In the world of original programming for cable, Starz is admittedly a latecomer. In 2008 it was able to “Crash” the party, but in 2009 will it be able to “Party Down” as a success?
“Originals are a very important strategy for us,” says Stephan Shelanski, executive VP of programming for Starz Entertainment. “Movies will still be our primary source of product, but we felt getting into originals was important for our growth.”
“Crash” — a series adaptation of the multiple-storyline 2005 Oscar-winning film — represented Starz’s initial foray into hourlong drama last October. Now “Party Down” — a half-hour laffer from “Veronica Mars” creator Rob Thomas about Hollywood catering employees — debuts today, its latest bid for a zeitgeist comedy after the cabler launched its first original series a year ago in January with the sitcom “Head Case.”
Bill Hamm, exec VP for Creative Development at the channel’s sister company Starz Media, says identity is certainly important, but being patient is, too.
“We need to have different pots on the stove all cooking at the same time, and they should all be different,” says Hamm. “Are you good at edgy programs, or female-appeal programs? Until you find out what that is, you should be experimenting.”
Starz is especially bullish about its second greenlit hourlong, “Spartacus,” a 13-part action series from “Spider-Man” helmer Sam Raimi about the legendary warrior slave that will use virtual environment effects a la “300” to bring ancient Rome alive. It’s a style that will not only keep costs lower than usual for an epic-themed series, but looks to take advantage of the current vogue for bloody graphic-novel visuals.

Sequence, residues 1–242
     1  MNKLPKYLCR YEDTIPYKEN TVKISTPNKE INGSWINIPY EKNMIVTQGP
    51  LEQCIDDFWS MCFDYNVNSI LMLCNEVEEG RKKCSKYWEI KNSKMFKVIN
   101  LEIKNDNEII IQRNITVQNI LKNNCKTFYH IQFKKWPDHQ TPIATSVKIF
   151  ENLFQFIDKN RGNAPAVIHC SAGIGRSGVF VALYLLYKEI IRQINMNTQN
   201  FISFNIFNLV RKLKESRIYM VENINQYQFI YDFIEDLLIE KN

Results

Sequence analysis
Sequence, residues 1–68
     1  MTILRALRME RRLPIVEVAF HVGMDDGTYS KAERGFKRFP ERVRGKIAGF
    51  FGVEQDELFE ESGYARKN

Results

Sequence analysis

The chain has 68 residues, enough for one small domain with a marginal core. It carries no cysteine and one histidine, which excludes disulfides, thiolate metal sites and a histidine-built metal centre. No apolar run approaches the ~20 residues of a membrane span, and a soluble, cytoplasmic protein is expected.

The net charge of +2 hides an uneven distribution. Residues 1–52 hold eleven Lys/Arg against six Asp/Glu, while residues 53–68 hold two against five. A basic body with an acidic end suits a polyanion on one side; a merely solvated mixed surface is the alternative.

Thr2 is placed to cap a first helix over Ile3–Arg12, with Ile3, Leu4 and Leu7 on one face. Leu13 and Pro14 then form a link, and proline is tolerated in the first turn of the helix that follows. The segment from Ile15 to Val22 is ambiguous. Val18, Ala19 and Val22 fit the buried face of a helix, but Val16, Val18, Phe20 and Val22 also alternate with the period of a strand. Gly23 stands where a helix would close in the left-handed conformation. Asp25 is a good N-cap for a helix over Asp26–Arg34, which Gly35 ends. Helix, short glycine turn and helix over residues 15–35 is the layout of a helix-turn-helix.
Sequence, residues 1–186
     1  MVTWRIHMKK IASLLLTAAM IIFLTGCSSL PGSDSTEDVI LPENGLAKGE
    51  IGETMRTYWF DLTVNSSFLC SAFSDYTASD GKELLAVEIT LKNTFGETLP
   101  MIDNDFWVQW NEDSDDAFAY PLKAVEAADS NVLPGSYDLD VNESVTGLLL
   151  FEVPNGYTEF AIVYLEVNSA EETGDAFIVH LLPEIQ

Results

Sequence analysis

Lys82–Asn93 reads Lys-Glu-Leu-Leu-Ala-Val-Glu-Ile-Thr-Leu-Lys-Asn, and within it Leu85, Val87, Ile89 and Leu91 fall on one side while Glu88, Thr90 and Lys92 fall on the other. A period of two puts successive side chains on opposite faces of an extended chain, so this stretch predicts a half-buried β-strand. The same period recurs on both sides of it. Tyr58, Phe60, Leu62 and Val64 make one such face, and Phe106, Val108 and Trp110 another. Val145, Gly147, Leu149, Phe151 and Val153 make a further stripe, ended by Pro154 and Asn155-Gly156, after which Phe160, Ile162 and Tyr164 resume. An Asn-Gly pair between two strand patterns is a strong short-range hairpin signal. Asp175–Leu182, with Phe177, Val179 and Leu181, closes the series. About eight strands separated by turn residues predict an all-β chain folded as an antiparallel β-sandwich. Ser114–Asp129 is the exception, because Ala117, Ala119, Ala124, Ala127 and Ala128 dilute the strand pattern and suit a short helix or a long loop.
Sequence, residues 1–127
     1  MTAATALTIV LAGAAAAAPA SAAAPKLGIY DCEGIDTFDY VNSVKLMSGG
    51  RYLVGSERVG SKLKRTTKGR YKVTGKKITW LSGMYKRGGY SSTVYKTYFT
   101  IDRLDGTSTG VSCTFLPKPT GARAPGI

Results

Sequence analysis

“It’s going to look like nothing else on television,” says Hamm. “Nobody is doing an R-rated action series anywhere in the world right now, so this is opening up new doors for us.”
The early plan is for “Spartacus” — which starts filming this month in New Zealand — to debut either the fourth quarter of 2009 or first quarter of 2010, but in all likelihood it will appear after “Crash” returns for its second season. Although “Crash” never wowed critics, the channel renewed the show — albeit with a creative retooling under new showrunner Ira Steven Behr (“The 4400”) — after sensing that its marketing push had created a strong enough awareness in Starz as a destination for originals.
“It can help us continue to brand our channel,” says Shelanski. “We’re pleased with the new team we’ve got on board to bring it to the next level.”
“Crash” is a co-production with Lionsgate, but with “Party Down” and “Spartacus,” Starz — under its production entity Starz Media — is beginning to generate projects solely inhouse.
“It creates an owned asset for our company that we can create value out of,” says Shelanski. “So on that level, original programming made a lot of sense for us.”